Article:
I spend most mornings standing by the K classroom yard greeting families as they arrive at school. Over the course of one particular year, I noticed a group of children, both boys and girls, but mostly 3-4 boys in the kindergarten class who consistently play outside in the yard for about 15 minutes while I’m greeting arriving families.
Nearly every day this year, this group of boys would come out into the yard after finishing their classroom sign in and then immediately make a B line for the swing set in the K yard. This particular swing set has a couple of bars hanging by chains, similar to a trapeze bar one can swing on by the arms, along with the typical seated type of swings that most people are familiar with. But the seated variety of swing holds less interest for this group of youngsters.
Each morning this set of boys would devise all sorts of games and challenges that involved this trapeze bar. They would run and grasp it to swing. They would run headlong, grasping it to harness the momentum of their bodies to land on their feet on the other side of the trough. Some boys would hang upside down from it, looping their legs around it and dangling their bodies and arms groundward.
They engaged in this type of play until the rainy season set in. At that point, their curiosity about the many ways they could use the trapeze satisfied, these boys became enthralled by marble runs indoors. Similar to their time outdoors which was focused on the swing, they now became focused on constructing marble runs from a kit of wooden grooves, tubes, curves and holes.
They would create runs individually and sometimes collaboratively. Some were simple, involving a drop and a short roll in a pitched groove and others were elaborate configurations involving multiple tunnels, drops, canals and grooves for the marbles to travel to the end of the run. Sometimes the boys would save these constructions for later or even the next day. At one point when the weather dried up, they were provided cardboard and some tape, and these same boys, joined by a few more, used the cardboard to create a huge configuration of gutters and angles outside on a play structure and instead of marbles they used a handball.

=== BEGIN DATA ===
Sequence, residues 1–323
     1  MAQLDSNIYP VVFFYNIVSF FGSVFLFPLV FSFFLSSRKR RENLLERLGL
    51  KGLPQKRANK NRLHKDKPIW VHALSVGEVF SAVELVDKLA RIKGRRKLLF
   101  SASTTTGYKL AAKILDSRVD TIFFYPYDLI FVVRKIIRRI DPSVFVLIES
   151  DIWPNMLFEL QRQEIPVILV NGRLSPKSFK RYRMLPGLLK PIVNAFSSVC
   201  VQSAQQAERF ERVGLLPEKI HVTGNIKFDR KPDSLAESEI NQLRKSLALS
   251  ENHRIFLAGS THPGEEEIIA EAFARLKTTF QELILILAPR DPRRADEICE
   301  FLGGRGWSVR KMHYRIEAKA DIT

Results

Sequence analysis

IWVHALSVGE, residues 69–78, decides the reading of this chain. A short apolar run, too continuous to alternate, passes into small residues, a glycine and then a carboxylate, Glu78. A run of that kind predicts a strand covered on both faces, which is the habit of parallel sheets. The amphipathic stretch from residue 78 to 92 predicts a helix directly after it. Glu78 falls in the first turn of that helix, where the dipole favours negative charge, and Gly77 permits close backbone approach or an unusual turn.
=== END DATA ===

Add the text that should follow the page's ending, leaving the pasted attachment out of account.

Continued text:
During all of these activities, from trapeze to marble runs to cardboard constructions, these boys engaged intensely in play. They don’t realize it, but the conditions for all this to happen are carefully curated to allow kids to play. These kids, as well as the entire class, are provided with
1. Unstructured time and a flexible schedule.
2. The freedom to choose how to use that time both for teachers and students.
3. A robust activities program.
4. Teachers who understand the importance of #’s 1, 2, and 3.
Through this intentional curation of materials and circumstances, unstructured play naturally lays the foundation for developing a passion. People who regularly engage in activities linked to their passions refer to these activities as creative or play - scientists and mathematicians talk about how playful their work is; entrepreneurs who are successful refer the their work in terms of play and enjoyment; and artists think of their creative explorations as play.
Time, materials and freedom of choice begin in nursery and continue through the school all the way up to 8th grade in two important programs - Activities and Choice. Kids in Jessica’s K-1 up through 8th grade choose which activity they will be in for one hour each day. Their choices can be challenging - library, PE, art, ceramics, music, science, woodshop, weaving, and math are all enticing!
During activities, there is no curriculum. Students devise their own projects to work on during that hour and are supported by teachers. No adult forces them to choose a specific activity and while there is no schedule that dictates to them which activity they will to attend, they may not always get their choice every day due to availability of space. But they will have a choice.
The Activities program changes a bit in the upper school, because kids can now choose to go to an activity or they can choose not to and rather play basketball, work on a class project, play music, or just hang out with a teacher. Some choose to do homework.
In the Upper School, in addition to Activities, the Choice program involves general interest classes created and run by teachers, specialists and teaching assistants. There are 5 cycles of choice, 1 hour per day for 2-3 weeks each session. Examples are: History of the World Through Tea, Sunlight Prints, Blacksmithing, Hip Hop Culture, Sushi Making, and Kinetic Sculptures. A wide variety of Choice classes are offered and students sign up for their top choices.
When provided with this very carefully created program, those boys in K and all students don’t realize that they were laying the neural foundations that are essential to being lifelong learners.
So, the next time you are on campus and see some kids on a swing, or your child comes home excited about a “potion” they made in science activity, or if you are presented with a kinetic sculpture from a Choice class, I hope you’ll appreciate all of the careful curation that went into helping your child find and develop their passion.